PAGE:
Origin The Challenge to the Global Community of Religions
"In this new ecological age of developing global community and interfaith dialogue, the world religions face what is perhaps the greatest challenge that they have ever encountered. Each is inspired by a unique vision of the divine and has a distinct cultural identity. At the same time, each perceives the divine as the source of unity and peace. The challenge is to preserve their religious and cultural uniqueness without letting it operate as a cause of narrow and divisive sectarianism that contradicts the vision of unity and peace. It is a question of whether the healing light of religious vision will overcome the social and ideological issues that underline much of the conflict between religions." ~ Dr. Steven C. Rockefeller, Middlebury College, Spirit and Nature, p. 169
CONTENTS | INVOCATION | INTRODUCTION | PROLOGUE | 1 | 2 | 3 | 4 | 5 | 6 | 7 | 8 | 9 | 10 | 11 | 12 | 13 | 14 | 15 | 16 | 17 | 18 | 19 | 20 | 21


Title Page
This Archive
Advisors and Contributors
Foreword by Ninian Smart
How to obtain a printed (hardbound/paperback) version


The Truth in Many Paths
Tolerance and Respect for All Believers

The Purpose of World Scripture
The Organization of World Scripture
The World's Religions and Their Scriptures

World Scripture and Education for Peace

Ultimate Reality and the Purpose of Human Existence

CHAPTER 1: Ultimate Reality
Traces of God's Existence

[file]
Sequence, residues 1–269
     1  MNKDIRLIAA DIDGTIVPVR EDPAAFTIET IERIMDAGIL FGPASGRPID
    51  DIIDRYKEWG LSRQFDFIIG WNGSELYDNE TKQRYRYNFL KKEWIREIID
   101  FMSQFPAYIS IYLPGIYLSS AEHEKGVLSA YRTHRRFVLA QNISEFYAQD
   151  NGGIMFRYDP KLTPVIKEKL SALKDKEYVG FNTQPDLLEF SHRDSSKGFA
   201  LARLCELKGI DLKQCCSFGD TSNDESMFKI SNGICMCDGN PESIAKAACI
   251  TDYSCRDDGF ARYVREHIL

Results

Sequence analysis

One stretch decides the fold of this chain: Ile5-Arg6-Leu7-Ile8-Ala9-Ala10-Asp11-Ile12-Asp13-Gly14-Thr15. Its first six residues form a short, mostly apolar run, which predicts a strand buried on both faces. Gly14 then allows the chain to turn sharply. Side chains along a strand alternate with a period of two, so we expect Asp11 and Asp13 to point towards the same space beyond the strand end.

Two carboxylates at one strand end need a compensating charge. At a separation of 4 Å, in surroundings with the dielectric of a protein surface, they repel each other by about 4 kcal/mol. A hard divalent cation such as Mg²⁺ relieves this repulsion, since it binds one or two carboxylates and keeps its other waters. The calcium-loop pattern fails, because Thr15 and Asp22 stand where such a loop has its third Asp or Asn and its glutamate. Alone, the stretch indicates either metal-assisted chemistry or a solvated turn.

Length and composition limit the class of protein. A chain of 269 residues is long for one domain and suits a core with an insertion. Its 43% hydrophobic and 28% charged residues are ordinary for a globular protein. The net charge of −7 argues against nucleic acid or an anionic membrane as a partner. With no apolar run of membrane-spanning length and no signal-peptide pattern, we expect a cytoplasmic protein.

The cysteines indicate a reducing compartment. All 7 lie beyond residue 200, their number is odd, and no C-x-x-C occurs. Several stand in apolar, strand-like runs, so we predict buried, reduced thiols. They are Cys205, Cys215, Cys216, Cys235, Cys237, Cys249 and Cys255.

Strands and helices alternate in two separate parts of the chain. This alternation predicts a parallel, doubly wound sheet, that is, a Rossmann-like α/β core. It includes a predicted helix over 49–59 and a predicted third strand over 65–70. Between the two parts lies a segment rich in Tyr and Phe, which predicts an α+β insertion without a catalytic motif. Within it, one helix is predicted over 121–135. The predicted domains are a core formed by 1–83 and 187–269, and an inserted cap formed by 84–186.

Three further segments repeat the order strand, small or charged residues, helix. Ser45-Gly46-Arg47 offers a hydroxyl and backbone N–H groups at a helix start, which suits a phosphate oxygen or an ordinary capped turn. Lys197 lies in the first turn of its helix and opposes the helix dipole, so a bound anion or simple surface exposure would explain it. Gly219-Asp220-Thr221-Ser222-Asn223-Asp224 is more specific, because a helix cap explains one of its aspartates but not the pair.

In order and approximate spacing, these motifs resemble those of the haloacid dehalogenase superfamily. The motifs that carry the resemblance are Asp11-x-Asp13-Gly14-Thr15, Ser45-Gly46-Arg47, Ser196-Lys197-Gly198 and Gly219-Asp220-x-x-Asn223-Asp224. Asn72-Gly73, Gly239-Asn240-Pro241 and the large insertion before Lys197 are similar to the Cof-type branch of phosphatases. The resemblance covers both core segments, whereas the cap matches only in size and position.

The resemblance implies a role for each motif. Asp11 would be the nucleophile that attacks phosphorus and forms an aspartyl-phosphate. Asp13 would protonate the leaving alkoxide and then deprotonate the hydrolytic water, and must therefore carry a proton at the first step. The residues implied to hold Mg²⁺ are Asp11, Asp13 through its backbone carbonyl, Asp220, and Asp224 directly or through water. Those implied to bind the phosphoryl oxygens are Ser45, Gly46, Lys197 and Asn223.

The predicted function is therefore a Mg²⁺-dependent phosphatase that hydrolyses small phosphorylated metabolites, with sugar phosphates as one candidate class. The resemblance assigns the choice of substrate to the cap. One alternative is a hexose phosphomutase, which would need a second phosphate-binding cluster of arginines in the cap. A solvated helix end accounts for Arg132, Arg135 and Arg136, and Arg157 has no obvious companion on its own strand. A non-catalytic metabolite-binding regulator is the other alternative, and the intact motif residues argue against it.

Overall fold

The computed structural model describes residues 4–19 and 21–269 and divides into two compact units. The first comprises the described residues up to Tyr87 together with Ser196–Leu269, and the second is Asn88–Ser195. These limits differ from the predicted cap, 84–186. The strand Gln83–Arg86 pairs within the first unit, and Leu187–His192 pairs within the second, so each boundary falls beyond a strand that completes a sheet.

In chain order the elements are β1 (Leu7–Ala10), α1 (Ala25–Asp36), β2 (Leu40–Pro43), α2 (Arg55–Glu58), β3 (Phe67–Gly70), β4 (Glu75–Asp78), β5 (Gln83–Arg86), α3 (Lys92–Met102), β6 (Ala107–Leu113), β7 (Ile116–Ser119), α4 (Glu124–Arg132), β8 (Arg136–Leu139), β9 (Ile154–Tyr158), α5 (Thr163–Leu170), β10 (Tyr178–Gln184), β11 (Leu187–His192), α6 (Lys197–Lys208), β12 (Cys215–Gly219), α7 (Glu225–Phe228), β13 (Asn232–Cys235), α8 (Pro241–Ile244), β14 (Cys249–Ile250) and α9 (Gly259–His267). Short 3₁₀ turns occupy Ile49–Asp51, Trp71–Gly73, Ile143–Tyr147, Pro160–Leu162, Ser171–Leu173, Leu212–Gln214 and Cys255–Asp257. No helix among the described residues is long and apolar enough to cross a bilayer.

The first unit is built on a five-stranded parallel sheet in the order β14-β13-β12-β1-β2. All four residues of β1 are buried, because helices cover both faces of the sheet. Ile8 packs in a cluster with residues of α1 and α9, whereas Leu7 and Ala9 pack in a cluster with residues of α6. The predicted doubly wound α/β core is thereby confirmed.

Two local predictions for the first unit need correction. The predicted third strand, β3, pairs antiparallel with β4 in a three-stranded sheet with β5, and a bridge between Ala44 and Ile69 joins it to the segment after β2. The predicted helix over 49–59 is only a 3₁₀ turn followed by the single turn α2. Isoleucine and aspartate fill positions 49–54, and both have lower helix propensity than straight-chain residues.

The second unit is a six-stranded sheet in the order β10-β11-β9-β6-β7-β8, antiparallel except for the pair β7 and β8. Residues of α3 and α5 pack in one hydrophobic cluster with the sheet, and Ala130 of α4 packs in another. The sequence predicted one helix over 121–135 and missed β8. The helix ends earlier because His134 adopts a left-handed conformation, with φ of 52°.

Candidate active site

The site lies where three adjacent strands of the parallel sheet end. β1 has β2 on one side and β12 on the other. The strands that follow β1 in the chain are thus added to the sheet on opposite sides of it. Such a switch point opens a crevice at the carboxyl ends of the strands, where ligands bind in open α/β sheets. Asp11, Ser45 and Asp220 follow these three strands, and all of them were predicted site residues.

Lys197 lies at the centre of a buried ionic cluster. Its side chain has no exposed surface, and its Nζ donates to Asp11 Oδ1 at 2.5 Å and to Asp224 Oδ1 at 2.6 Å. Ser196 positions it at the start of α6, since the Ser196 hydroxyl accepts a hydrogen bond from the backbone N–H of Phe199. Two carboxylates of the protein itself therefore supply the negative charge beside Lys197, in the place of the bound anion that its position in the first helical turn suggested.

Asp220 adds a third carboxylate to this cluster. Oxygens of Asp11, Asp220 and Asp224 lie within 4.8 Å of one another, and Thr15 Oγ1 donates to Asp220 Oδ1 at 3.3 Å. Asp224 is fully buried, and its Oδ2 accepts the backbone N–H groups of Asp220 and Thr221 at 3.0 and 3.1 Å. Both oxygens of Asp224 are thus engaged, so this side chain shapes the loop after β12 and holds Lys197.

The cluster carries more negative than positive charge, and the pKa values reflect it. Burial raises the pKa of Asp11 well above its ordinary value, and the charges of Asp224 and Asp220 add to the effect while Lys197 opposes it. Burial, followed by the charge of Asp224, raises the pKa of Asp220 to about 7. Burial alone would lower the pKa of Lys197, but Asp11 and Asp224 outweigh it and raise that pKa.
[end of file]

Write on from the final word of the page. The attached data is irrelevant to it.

The One
Formless, Emptiness, Mystery
Transcendent, All-Pervasive Reality
Sovereign and Omnipotent
Immanent and Near at Hand
Eternal -- in a World of Transience
The Creator
Goodness and Love
Divine Father and Mother

CHAPTER 2: Divine Law, Truth, and Cosmic Principle
Eternal Truth
Moral Law
The Decalogue
The Golden Rule
Polarity, Relationality, and Interdependence
Cosmic Justice

CHAPTER 3: The Purpose of Life for the Individual
Joy and Happiness
For God's Good Pleasure
Image of God and Temple of God
Inborn Goodness and Conscience
Original Mind, No Mind
True Love

CHAPTER 4: The Purpose of Life in the Family and in Society
The Family
Parents and Children
Husband and Wife
Unity and Community
The People of God
The Ideal Society

CHAPTER 5: The Purpose of Life in the Natural World
The Sanctity of Nature
Reverence for Life
The Microcosm
The Lord of Spirits
Creation Rejoices

CHAPTER 6: Life Beyond Death and the Spiritual World
The Spiritual World: Mystery, Multiplicity, Analogy, Harmony
The Immortal Soul
Prepare Now for Eternity
Passage Beyond
Spiritual Benefactors
Spiritual Error and the Occult

Evil, Sin, and the Human Fall

CHAPTER 7: The Human Condition
The War Within
Pride and Egotism
Selfish Desire, Lust, and Greed

CHAPTER 8: Fall and Deviation
The Human Fall
Demonic Powers
Degraded Human Nature
God's Grief

CHAPTER 9: The Major Sins
Good and Evil
Lying and Deceit
Slander, Gossip and Foul Speech

Salvation and the Savior

CHAPTER 10: Salvation-Liberation-Enlightenment
Universal Salvation
Atonement and Forgiveness of Sins
Crossing the Waters
Reversal and Restoration
Help and Deliverance
The Refining Fire
Born Anew
Eternal Life
The Unitive State

CHAPTER 11: The Founder
Call and Awakening
Rejected by the World
The Victor
He Who Subjugates Satan
The Revealer of Truth
The Man for Others
The Living Presence
The Person and Character of the Founder: Divine Person
Human Person
The Succession of Founders and Messengers

The Religious Life

CHAPTER 12: Responsibility and Predestination
Individual Responsibility
Karma and Inherited Sin

CHAPTER 13: Self-cultivation and Spiritual Growth
Spiritual Growth
Cultivate the Good
Preparing the Start
Perseverance and Patience

CHAPTER 14: Faith
Devotion and Praise
Fear, Submission, and Obedience
Argument with God

CHAPTER 15: Wisdom
The Search for Knowledge
Scripture and Tradition
Poverty of Conceptual Learning
Scripture Teaches in Parables
Learning and Practice
Teacher and Disciple